Every organisation communicates in different ways, utilising different means of communication and different forms of communication. These forms of communication are known under various names - corporate communication, public relations or marketing communication, to name the most commonly used terms (in the second article of this series we will examine the differences between certain forms of communication and the philosophy behind these forms).

Within most organisations there are different departments or persons dealing with communication. In addition to these departments and persons, other units and individuals within the organisation also communicate with specific audiences.

Virtually everybody is communicating. The organisation as a whole relates to the public at large and to specific groups. Individual managers speak to a wide range of internal and external audiences. The purchasing department works with suppliers. The public relations department contacts journalists. The marketing department addresses groups of clients and prospects. Every employee deals with members of the public.

This leads to fragmentation of communication. Fragmentation not only harms efficiency and effectiveness of communication, but also increases the chances of errors, mistakes and incidents leading potentially to the loss of a good reputation.

Well-known examples of fragmentation are the contradictory statements from Shell managers in the UK, Germany and the Netherlands during the Brent Spar affair, and cigarette manufacturer BAT, which succeeded in combining an upbeat newspaper advert about the excellent financial performance of the company with a front page article in the same paper about forced redundancies.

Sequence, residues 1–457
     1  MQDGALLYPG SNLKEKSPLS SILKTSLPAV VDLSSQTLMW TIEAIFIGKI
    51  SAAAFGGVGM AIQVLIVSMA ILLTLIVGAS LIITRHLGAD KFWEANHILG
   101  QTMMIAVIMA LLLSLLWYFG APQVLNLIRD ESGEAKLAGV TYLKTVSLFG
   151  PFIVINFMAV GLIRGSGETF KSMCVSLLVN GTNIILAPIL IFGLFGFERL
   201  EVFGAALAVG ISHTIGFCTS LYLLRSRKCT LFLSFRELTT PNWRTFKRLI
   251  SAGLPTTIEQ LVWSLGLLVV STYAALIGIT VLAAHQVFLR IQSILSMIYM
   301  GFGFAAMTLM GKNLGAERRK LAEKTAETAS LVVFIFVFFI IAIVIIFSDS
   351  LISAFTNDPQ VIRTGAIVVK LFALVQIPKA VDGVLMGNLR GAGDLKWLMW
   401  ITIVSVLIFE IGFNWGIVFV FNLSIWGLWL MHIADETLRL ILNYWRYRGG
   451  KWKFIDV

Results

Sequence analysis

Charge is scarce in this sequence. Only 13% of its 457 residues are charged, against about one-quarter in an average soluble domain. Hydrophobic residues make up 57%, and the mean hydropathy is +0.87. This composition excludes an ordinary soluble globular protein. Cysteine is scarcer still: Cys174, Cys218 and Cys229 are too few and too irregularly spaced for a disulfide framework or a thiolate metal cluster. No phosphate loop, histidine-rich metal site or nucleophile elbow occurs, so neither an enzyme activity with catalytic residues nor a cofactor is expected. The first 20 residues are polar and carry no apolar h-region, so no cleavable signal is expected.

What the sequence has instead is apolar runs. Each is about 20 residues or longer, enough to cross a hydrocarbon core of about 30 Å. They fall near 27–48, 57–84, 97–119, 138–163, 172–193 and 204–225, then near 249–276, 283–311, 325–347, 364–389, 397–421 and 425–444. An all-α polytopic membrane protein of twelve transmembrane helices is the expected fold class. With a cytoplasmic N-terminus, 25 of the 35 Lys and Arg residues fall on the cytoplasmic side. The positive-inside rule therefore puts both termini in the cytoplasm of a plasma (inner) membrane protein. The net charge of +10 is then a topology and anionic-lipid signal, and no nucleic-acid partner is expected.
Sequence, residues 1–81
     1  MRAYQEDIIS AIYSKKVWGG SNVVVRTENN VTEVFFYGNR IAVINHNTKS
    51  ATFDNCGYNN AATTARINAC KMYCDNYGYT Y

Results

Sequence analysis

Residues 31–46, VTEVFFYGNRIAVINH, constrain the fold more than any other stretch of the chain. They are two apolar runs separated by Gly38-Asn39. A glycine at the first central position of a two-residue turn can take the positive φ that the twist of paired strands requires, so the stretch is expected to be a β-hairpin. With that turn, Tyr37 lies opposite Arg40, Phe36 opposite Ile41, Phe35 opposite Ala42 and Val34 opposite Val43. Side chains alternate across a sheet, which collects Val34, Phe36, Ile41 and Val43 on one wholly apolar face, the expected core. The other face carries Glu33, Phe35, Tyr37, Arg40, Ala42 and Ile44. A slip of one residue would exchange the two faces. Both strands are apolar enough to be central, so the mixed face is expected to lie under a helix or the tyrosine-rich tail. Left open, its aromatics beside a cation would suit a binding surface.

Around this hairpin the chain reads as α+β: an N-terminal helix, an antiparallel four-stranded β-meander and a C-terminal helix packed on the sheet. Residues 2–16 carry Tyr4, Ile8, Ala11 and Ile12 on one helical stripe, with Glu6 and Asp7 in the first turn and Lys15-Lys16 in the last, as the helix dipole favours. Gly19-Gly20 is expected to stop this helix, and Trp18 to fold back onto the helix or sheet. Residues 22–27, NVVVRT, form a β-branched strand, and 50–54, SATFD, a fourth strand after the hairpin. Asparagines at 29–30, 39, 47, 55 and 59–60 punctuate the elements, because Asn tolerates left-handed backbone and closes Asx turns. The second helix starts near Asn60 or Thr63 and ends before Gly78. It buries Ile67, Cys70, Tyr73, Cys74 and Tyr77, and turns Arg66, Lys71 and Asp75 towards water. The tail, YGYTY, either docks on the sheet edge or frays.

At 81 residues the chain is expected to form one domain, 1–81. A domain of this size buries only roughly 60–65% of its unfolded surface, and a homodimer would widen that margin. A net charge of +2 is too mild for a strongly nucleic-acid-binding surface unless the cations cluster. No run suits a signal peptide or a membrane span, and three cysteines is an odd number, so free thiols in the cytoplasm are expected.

Cleopatra Veloutsou, lecturer in marketing at the Department for Business and Management Studies of the University of Glasgow, is amazed how many large organisations do not have a clear direction in their communication, despite the fact that they operate in a quickly changing environment: "Not having a communication policy is like being on a ship in a stormy sea without an engine and a course. You are at the mercy of the waves. Even when the storm calms down, without a course you do not know where you are going."

If an organisation is able to avoid fragmentation, it can improve the effectiveness and efficiency of its communication and increase the chances of achieving its goals. And that is the main objective of an overall communication policy.

Barry Jackson is an independent consultant working with the international law firm Clifford Chance on its global communications review: "Having a communication policy helps us to consistently get the key message across." The second article of this series will review how leading professional service organisations, such as Clifford Chance, are already working with an overall communication policy.